This work builds on steps we’ve already taken, such as working with the states and territories to develop Australia’s first National Statement on Climate Change and Agriculture, our ongoing work on the Future Drought Fund and the rollout of $302 million in Climate-Smart Agriculture programs under the Natural Heritage Trust. 

As part of this program, today I am pleased to announce the opening of the $45 million Partnerships and Innovation grant opportunity and the $9 million Capacity Building grant opportunity. 

The grants, which both open on Thursday, will empower our agricultural sectors to foster more innovation and build knowledge in responding to the impacts of climate change. 

As you can see, we’re determined to make a difference on this vital issue for agriculture.  

Rather than stick our heads in the sand, we will meet the climate challenge head-on, which will help secure the future of Australian ag, and that’s good for farmers, good for Australia and good for our economy.

Investing in AgTech 

Of course, embracing new agtech and innovation - the focus of this conference - is key to dealing with sustainability and many other challenges.

When I meet with my international counterparts, I feel proud that they want to draw on Australia’s expertise in plant and animal genetics, husbandry systems, salinity and soil management, water efficiency and more.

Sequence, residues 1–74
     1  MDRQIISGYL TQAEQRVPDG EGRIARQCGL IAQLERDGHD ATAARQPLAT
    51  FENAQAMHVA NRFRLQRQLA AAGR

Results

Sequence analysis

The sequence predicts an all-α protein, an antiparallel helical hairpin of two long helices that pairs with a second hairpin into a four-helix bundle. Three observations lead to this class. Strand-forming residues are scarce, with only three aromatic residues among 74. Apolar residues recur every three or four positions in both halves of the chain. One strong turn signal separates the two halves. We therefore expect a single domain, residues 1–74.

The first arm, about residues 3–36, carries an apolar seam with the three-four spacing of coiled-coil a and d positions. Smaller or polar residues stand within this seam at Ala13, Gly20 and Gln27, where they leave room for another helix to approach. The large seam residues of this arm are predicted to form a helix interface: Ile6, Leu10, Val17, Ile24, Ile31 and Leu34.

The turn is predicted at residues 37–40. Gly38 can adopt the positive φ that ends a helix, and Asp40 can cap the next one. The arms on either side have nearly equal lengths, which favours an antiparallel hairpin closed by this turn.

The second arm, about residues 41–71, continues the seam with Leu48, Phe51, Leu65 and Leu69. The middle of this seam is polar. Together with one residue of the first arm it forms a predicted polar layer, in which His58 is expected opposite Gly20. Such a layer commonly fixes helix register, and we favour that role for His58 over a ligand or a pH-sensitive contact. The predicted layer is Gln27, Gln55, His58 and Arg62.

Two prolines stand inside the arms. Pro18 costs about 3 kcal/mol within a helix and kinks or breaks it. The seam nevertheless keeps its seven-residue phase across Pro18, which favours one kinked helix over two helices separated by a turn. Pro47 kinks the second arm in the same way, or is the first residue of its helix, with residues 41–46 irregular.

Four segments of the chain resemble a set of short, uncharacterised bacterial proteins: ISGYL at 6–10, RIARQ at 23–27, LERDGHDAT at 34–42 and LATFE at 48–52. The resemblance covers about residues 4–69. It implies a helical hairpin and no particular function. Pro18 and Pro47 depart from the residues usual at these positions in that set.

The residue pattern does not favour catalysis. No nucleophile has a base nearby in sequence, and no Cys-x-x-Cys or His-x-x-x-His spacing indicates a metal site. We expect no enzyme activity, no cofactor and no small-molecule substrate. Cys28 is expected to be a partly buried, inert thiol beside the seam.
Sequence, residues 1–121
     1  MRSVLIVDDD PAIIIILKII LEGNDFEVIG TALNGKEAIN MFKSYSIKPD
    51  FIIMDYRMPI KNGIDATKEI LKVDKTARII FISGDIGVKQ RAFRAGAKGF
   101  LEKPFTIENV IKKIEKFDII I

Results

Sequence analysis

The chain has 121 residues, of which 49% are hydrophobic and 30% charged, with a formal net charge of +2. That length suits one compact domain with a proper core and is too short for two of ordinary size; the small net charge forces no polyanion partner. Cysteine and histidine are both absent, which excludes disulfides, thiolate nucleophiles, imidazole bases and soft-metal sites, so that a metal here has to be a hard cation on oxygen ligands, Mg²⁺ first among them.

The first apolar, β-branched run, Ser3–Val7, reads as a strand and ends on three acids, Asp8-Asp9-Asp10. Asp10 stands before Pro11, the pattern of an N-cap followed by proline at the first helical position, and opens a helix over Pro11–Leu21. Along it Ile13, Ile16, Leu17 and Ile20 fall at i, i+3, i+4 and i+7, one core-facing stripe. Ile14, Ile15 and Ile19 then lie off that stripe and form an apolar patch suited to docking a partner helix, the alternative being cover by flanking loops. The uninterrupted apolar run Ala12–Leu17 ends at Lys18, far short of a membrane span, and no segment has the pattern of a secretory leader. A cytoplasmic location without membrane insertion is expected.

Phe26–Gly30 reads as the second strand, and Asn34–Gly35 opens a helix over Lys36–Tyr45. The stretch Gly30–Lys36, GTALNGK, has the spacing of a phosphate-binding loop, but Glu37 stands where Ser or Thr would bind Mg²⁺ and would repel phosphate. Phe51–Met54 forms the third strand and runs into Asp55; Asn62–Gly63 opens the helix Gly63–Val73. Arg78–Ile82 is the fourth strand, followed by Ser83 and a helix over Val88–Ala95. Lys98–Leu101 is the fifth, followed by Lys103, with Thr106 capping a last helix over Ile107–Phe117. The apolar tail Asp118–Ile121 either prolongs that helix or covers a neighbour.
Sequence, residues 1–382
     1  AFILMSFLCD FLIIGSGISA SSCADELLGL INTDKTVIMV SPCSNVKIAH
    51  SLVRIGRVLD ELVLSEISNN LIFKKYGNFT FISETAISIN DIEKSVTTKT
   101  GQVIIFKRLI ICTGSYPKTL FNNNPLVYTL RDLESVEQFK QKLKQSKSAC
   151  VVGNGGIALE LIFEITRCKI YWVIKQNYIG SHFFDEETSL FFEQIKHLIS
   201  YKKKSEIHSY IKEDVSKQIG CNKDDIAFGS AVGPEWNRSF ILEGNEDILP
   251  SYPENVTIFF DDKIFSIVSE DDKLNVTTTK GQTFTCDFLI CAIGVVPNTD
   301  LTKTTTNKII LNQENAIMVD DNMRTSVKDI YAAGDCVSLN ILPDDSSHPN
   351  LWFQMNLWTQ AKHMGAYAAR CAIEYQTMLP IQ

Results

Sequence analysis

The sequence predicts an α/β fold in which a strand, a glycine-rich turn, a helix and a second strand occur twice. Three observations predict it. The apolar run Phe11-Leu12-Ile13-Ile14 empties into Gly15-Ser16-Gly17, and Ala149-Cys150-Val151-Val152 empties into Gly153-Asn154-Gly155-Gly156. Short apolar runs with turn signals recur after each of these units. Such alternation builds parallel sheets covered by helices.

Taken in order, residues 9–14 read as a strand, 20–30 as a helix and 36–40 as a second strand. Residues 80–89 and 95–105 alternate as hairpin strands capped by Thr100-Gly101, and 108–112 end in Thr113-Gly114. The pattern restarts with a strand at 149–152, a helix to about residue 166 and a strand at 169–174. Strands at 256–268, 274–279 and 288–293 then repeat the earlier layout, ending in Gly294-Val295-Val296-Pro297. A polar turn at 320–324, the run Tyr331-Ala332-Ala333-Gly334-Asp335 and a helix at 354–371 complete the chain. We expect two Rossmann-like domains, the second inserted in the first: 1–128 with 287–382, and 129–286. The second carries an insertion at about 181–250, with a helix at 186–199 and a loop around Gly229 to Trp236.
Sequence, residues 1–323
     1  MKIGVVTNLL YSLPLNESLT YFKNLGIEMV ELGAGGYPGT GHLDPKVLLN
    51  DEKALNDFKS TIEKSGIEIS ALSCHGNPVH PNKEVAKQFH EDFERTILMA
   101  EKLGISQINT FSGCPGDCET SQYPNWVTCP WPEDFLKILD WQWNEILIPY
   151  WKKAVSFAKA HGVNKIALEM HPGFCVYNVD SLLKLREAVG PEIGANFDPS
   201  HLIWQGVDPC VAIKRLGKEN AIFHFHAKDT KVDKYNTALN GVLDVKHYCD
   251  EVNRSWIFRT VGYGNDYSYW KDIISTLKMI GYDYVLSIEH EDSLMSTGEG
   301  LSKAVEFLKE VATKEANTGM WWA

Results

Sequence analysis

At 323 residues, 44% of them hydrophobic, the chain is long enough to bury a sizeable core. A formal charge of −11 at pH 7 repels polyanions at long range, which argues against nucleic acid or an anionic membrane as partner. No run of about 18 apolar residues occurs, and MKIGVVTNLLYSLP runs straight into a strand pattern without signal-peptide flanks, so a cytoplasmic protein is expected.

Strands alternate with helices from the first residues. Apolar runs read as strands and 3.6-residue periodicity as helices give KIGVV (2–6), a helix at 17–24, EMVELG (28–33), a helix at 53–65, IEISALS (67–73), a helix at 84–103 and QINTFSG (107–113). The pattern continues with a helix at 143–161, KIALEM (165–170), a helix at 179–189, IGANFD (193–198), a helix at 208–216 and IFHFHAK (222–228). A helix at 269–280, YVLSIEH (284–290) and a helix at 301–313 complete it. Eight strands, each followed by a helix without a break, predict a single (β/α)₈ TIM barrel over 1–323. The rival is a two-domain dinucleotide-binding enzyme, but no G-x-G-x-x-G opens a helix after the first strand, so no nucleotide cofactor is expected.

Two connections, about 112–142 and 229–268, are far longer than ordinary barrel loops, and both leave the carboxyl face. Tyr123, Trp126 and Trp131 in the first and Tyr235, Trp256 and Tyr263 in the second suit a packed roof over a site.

I feel excited when I meet people all around Australia embracing new techniques, like the Central Queensland grain and cotton farmers using robotics to improve fertiliser efficiency, or the teams at our Drought Resilience Innovation Hubs connecting farmers with scientists producing new drought-resilient feed, the researchers in lab coats at La Trobe University making soil and seed discoveries, the horticulture packaging sheds using AI to improve performance, and the abattoirs using more water and energy-efficient technologies. 

At a local level, it was great to see Western Australia’s own Brad Egan recognised as 2022 Young Farmer of the Year, for his integration of data analysis tools and science into his farm management toolkit. 

As a government, we’re supporting this effort too.